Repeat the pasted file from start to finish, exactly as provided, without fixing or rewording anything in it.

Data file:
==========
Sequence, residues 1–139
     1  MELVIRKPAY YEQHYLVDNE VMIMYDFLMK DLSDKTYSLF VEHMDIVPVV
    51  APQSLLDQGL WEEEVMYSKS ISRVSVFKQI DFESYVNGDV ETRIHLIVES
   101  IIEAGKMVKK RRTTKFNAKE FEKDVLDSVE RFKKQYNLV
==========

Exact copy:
Sequence, residues 1–139
     1  MELVIRKPAY YEQHYLVDNE VMIMYDFLMK DLSDKTYSLF VEHMDIVPVV
    51  APQSLLDQGL WEEEVMYSKS ISRVSVFKQI DFESYVNGDV ETRIHLIVES
   101  IIEAGKMVKK RRTTKFNAKE FEKDVLDSVE RFKKQYNLV